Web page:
Students have option to opt out of birthday book

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The newest version of the birthday book on the bar at The Fluttering Duck. Under the Family Education Rights and Privacy Act, student can request to have the basic information included in the birthday book kept private. SAM CARAVANA / THE DEPAUW
The newest version of the birthday book on the bar at The Fluttering Duck. Under the Family Education Rights and Privacy Act, student can request to have the basic information included in the birthday book kept private. SAM CARAVANA / THE DEPAUW
The newest version of the birthday book on the bar at The Fluttering Duck. Under the Family Education Rights and Privacy Act, student can request to have the basic information included in the birthday book kept private. SAM CARAVANA / THE DEPAUW

Each time DePauw University senior Lis Hawkins buys alcohol at a liquor store in Greencastle, the cashier asks for an ID and pulls out a bound paper book with no cover.

“Almost every time the birthday book gets pulled out,” Hawkins said.

Known as the birthday book, the packet contains the full name of almost every DePauw student as well as the month and year of their birth. Though the book has virtually every student in it, students have the opportunity to opt-out out.

In 1976, the Family Education Rights and Privacy Act (FERPA) was passed by the U.S. Congress. The law set out guidelines on when educational institutions could release their students personal information.

Though FERPA dictates that institutions cannot release personal information without consent, an exception is made for “directory information.” This is defined as “information contained in an education record of a student that would not generally be considered harmful or an invasion of privacy if disclosed.” This includes a student’s name, birthdate, birthplace, email address and other basic information.

“Each college is obligated to notify students at least once at the start of each school year as to what constitutes “directory information,” because colleges have some discretion to decide what belongs on that list,” wrote executive director of the Student Press Law Center, Frank D. LoMonte Esq.. DePauw University notifies students of what they have selected as directory information in the academic handbook. According to the 2016-2017 handbook, the University can release a student’s home and local address, birthday, e-mail, field of study and telephone numbers.

Though this information can be released by default, students have the right to opt-out of this disclosure. If a student wants this information to remain private, he or she must submit a written request to the University by a certain date which is specified by each university. DePauw students must submit this request to the registrar’s office by Aug. 1 of each year they want their information withheld according to the academic handbook.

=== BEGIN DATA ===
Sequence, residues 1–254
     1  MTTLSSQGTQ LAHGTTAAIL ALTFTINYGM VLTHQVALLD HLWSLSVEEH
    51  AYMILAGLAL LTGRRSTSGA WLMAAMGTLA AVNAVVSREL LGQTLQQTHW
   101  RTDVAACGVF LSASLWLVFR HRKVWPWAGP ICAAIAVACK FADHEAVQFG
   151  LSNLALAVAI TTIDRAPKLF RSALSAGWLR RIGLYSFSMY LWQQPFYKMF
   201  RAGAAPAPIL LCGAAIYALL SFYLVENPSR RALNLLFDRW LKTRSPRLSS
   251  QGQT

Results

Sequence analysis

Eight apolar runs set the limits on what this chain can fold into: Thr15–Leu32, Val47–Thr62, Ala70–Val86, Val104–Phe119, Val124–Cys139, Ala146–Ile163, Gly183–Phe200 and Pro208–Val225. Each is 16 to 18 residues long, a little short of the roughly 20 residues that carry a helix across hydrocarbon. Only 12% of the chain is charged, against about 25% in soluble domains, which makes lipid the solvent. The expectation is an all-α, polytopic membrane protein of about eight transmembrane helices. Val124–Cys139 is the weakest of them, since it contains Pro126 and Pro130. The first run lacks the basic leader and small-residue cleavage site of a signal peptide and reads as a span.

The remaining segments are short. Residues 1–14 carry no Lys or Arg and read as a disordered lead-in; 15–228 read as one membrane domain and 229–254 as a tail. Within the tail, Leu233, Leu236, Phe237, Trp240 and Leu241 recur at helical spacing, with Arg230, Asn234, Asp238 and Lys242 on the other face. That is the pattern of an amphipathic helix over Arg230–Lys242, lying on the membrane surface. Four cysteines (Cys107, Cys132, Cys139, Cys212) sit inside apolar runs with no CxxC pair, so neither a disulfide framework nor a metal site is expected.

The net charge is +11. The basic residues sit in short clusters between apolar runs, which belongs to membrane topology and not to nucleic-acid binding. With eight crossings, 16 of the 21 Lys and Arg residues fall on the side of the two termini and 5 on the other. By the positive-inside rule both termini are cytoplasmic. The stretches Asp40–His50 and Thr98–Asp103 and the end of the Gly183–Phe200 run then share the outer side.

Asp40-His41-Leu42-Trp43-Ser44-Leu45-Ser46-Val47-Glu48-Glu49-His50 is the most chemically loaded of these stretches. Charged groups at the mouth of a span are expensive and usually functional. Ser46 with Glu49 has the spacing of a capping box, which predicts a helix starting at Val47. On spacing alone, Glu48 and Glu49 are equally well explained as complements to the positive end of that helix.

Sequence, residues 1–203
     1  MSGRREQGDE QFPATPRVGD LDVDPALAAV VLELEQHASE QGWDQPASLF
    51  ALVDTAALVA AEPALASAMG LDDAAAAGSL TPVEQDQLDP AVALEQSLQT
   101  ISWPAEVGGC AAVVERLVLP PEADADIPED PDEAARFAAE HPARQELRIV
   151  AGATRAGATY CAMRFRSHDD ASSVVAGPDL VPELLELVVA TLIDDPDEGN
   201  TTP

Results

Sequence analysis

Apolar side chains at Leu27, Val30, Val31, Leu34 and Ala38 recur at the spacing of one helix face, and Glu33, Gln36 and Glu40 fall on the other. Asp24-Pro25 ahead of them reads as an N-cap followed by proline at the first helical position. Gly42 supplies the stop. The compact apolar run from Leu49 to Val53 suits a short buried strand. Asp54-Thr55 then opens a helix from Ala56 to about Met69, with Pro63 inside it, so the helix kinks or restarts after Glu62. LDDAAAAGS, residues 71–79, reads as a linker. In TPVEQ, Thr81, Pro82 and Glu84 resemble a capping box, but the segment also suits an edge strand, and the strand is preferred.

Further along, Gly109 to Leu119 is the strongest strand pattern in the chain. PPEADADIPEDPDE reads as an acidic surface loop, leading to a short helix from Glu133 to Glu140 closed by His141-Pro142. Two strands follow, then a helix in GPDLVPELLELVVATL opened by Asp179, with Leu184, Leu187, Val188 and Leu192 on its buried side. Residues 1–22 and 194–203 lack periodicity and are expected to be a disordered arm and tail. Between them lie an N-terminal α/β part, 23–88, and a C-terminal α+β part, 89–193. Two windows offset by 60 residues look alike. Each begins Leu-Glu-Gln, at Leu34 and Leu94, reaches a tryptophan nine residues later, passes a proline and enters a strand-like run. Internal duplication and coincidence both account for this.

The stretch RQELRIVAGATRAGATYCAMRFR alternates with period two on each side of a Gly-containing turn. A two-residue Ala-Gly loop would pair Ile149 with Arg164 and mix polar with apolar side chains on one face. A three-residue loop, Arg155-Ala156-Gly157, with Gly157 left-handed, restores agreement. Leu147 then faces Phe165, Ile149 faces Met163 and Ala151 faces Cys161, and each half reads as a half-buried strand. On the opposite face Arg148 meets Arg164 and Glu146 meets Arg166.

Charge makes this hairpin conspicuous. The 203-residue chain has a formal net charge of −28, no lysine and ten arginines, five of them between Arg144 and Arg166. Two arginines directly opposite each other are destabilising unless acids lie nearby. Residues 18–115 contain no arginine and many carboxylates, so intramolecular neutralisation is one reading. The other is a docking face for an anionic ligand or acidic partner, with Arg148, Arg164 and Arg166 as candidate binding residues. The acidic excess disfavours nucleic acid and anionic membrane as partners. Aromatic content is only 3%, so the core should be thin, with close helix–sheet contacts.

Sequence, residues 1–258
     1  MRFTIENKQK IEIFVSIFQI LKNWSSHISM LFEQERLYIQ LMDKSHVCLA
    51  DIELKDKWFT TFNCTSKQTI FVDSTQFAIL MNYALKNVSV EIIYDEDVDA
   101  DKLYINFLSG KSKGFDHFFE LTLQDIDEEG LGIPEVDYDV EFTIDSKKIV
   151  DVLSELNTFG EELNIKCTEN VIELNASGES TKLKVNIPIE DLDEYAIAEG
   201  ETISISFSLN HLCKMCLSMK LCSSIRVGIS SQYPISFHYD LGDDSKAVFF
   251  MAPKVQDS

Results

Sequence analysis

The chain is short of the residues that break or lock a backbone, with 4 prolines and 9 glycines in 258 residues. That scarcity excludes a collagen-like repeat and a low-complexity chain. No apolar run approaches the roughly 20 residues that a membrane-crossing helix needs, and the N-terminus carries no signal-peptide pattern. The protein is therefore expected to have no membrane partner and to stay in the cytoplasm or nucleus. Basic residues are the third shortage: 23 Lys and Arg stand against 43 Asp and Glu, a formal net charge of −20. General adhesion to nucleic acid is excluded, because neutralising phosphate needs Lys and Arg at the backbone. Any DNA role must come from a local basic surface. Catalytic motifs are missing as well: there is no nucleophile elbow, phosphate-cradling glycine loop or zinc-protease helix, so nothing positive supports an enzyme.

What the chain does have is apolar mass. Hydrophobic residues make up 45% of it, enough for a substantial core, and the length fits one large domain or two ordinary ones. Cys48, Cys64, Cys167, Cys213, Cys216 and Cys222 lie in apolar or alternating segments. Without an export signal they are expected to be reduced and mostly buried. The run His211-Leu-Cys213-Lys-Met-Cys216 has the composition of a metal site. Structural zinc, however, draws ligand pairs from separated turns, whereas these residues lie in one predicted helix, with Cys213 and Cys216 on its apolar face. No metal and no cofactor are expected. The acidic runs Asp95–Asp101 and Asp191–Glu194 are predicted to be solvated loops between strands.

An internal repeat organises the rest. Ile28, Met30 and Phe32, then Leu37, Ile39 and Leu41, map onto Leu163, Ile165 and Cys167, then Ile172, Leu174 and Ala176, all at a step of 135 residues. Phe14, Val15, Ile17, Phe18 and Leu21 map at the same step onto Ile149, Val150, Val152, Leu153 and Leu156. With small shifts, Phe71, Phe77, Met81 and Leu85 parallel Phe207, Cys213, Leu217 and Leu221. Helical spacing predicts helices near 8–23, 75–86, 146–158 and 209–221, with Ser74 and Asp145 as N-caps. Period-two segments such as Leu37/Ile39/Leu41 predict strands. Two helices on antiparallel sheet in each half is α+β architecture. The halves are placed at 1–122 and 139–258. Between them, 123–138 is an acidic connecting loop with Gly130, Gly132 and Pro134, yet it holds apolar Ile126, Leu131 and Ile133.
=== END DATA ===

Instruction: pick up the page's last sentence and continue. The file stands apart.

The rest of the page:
Though students have the choice, few know that it is available. “I didn’t know that was option,” said sophomore Chase Wright.

Sophomore Ryan Horak believes the University should directly tell students instead of just placing it in the academic handbook. “I don’t think any student or teacher knows everything in the academic handbook,” Horak said. “It’s all fine print really.”

If a student opts-out of disclosure of directory information, his or her information would be kept private and would be excluded from the birthday book. This option could relieve students who are concerned about their information being made public in the birthday book.

“I hate that my birthday is out in the open because anyone could use that information to get access to your social security number,” said junior Kim Lester.

While it may be tempting for students under the age of 21 to opt-out so he or she can purchase alcohol more easily, there are negatives to the decision.

When a student chooses not to disclose directory information, it is a blanket decision meaning that information cannot be released for any reason. Often universities are contacted by employers asking for their top students so they can recruit them to their ranks. If a student opts out of disclosure, university officials would not be able to pass along the student’s contact information. “It’s not just isolated down to just the birthday book, there’s other things we use that information for,” said Alan Hill, vice president of student academic life.

To make sure he doesn’t miss an opportunity for a job or internship, Horak said he would allow the release of his information. “If I had to choose all of it, I would probably choose to give out the info,” Horak said.

Senior Meghan Burke would also let the University disclose her directory information. “Personally, I wouldn’t take the time to write a letter to the University and opt out of that,” Burke said. “Maybe, if I was an important person.”

Alcohol vendors, who use the birthday book to combat underage drinking, would also be more likely to sell to underage students and thus more susceptible to citations from state agencies. Citations include fines and can eventually result in the business losing its liquor license.

Since its inception and implementation in the mid 1990s, the birthday book has evolved. This year, following a white paper from student government citing privacy concerns, the book only features a student’s month and year of birth excluding the exact day. This was included in previous editions.

The 2016-2017 birthday book has already been published and distributed, but students who want to opt-out in the future can contact the registrar’s office.